Buildings present plentiful energy savings potential
because of the heavy reliance on electric power.15 Retrofit- The Time Is Now
ting a building’s shell would reduce household energy bills, Any national climate program must include substantial
curtail climate emissions and improve quality of life,16 espe- investments and policy improvements to upgrade the
cially for lower-income households.17 Heating and cooling energy efficiency of America’s buildings. This requires a
(HVAC) systems use nearly half of the energy in buildings,18 national commitment to ensure widespread and rapid
but HVAC improvements can increase a home’s energy adoption of available and emerging technologies to achieve
efficiency by as much as 50 percent.19 energy and climate savings.24

Endnotes
1 Food & Water Watch. “Building Climate Justice: Investing in Energy Efficiency for 10 Howarth, Robert W., Renee Santoro and Anthony Ingraffea. “Methane and
a Fair and Just Transition.” March 2019 at 10 and 11, endnotes 96 and 97, and the greenhouse-gas footprint of natural gas from shale formations.” Climatic
Methodology at page 21. Change. Vol. 106. April 2011 at 679, 687 and 688.
2 Food & Water Watch analysis of EIA data. “Total Primary Energy Consumption.” 11 Food & Water Watch (2019) at 4 and endnote 20.
2015. Available at https://www.eia.gov/beta/international. Accessed March
12 Ibid.
2018.
13 Ibid. at 11 and endnote 102.
3 de la Rue du Can, Stephane et al. “Design of incentive programs for accelerating
penetration of energy-efficient appliances.” Energy Policy. Vol. 72. May 2014 at 14 Ibid. at 12 and endnote 104.
57; American Petroleum Institute. [Press release]. “API and ANGA: Two energy 15 Pollin et al. (2014) at 43 to 44; NAS (2010) at 3 and 263.
trades combine forces.” November 18, 2015; Farrell, Diana and Jaana K. Reemes.
16 NAS (2010) at 108; Granade, Hannah Choi et al. McKinsey & Company. “Unlock-
McKinsey & Company. “How the world should invest in energy efficiency.” July
ing Energy Efficiency in the U.S. Economy.” July 2009 at 13.
2008 at 1 and 6.
17 Center for Climate and Energy Solutions. “Strengthening Energy Efficiency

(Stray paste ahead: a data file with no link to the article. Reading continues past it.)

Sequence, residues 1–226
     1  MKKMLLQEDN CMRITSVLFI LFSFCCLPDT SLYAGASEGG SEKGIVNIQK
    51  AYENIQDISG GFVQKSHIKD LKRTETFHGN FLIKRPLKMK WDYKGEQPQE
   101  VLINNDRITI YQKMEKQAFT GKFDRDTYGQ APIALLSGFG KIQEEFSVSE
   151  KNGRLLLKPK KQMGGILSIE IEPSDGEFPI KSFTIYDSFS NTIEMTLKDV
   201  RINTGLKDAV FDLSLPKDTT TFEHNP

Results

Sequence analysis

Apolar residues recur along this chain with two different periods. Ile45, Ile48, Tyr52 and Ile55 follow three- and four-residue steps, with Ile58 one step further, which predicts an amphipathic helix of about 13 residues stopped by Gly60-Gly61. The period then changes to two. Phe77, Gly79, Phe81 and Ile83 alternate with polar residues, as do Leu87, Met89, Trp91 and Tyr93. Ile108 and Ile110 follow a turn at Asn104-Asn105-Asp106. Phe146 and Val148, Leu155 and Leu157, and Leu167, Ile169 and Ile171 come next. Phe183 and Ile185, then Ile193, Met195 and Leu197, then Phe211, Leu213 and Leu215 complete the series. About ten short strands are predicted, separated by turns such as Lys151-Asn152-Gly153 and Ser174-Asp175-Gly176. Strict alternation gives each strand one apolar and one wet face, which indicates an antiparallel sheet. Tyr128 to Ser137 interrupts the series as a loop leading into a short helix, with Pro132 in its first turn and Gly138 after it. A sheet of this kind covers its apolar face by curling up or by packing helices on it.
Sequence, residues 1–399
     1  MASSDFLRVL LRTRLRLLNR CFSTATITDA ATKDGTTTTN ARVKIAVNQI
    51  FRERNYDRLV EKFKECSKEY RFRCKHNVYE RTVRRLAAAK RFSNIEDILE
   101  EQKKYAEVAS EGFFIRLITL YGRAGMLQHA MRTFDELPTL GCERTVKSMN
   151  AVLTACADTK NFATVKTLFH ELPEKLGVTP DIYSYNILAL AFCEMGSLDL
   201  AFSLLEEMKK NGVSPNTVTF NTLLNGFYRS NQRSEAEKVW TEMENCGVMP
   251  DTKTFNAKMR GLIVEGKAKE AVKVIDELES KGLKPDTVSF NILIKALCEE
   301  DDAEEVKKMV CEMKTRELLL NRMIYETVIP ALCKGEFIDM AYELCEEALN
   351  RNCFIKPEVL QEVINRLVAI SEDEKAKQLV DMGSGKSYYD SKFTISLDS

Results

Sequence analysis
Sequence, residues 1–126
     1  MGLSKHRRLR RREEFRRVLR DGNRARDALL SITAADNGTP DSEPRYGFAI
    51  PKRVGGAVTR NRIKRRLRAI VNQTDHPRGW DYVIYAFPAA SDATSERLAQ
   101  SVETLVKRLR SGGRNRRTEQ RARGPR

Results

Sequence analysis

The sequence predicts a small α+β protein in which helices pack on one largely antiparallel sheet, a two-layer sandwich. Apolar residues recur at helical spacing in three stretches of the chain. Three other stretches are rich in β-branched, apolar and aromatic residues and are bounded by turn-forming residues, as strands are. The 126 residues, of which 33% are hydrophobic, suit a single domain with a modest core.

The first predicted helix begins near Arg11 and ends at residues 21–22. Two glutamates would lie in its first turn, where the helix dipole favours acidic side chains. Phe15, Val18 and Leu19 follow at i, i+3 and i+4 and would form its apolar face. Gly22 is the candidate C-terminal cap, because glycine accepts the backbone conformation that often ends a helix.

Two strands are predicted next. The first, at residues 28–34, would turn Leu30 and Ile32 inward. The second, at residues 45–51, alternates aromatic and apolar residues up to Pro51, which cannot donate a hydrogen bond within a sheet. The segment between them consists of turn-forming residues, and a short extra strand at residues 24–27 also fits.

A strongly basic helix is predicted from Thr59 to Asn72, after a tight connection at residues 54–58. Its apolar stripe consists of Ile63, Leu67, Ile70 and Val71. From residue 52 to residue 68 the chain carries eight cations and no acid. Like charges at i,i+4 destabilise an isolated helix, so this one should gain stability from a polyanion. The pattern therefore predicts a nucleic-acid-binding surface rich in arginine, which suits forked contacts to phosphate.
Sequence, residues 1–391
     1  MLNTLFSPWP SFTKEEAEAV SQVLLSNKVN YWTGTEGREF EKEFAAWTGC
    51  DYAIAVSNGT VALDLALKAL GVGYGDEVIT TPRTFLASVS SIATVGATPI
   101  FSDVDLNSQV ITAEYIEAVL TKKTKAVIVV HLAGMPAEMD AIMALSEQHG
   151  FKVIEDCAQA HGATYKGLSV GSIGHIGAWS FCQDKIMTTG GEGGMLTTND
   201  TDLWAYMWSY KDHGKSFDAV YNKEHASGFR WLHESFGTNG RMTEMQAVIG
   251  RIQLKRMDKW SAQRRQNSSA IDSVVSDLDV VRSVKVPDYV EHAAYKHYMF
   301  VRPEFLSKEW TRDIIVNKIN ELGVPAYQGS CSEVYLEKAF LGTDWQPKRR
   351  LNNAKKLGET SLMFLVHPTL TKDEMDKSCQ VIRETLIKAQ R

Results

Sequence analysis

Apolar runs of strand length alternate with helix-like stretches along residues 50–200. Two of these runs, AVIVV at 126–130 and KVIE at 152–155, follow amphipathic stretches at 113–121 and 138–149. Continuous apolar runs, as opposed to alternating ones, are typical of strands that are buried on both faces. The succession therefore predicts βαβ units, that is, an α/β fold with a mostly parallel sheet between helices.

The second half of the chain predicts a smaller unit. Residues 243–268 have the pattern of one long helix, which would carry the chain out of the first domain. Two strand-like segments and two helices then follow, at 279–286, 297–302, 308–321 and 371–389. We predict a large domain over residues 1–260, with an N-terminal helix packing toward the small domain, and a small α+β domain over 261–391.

4 U.S. Department of Energy (DOE). Energy Information Administration (EIA).
Programs for Low-Income Communities.” July 2017 at 1.
“Annual Energy Outlook 2018” (AEO-2018). February 6, 2018 at Table 2.1 Energy
Consumption by Sector. 18 EIA. “What’s New in How We Use Energy at Home: Results From EIA’s 2015
Residential Energy Consumption Survey (RECS).” May 2017 at 2; EIA. “2012 Com-
5 Pollin, Robert et al. Political Economy Research Institute and Center for Ameri-
mercial Building Energy Consumption Survey” (CBECS-2012). May 2016 at Table
can Progress. “Green Growth: A U.S. Program for Controlling Climate Change
E1.
and Expanding Job Opportunities.” September 2014 at 19.
19 Systems Efficiency Initiative. “Greater Than the Sum of Its Parts: The Case for a
6 DOE. EIA. “Electric Power Annual.” October 22, 2018 at Table 4.5 Planned Gener-
Systems Approach to Energy Efficiency.” May 2016 at 12.
ating Capacity Changes, by Energy Source.
20 EIA. “2015 Residential Energy Consumption Survey” (RECS-2015). May 2018 at
7 National Academy of Sciences (NAS), National Academy of Engineering and
Table CE5.1a; EIA. “Commercial Buildings Energy Consumption Survey (CBECS)
National Research Council. “Real Prospects for Energy Efficiency in the United
— Trends in Lighting in Commercial Buildings.” May 17, 2017 at 1.
States.” The National Academies Press. 2010 at Table 2.8 at 5.
21 EIA. AEO-2018 at 124 and 126.
8 Schwartz, Lisa et al. “SEE Action Guide for States: Energy Efficiency as a Least-
Cost Strategy to Reduce Greenhouse Gases and Air Pollution and Meet Energy 22 EIA. RECS-2015 at Table CE3.1 at 7; EIA. CBECS-2012 at Table E1.
Needs in the Power Sector.” DOE. State & Local Energy Efficiency Action Net-
23 Food & Water Watch (2019) at 7, endnote 68, and Methodology at 22.
work. February 2016 at 11.
24 NAS, National Academy of Engineering and National Research Council (2010) at
9 U.S. Environmental Protection Agency. “Inventory of U.S. Greenhouse Gas Emis-
261 and 262; Pollin et al. (2014) at 188 and 192.
sions and Sinks. 1990-2016.” EPA 430-R-18-003. 2018 at ES-4 and ES-6.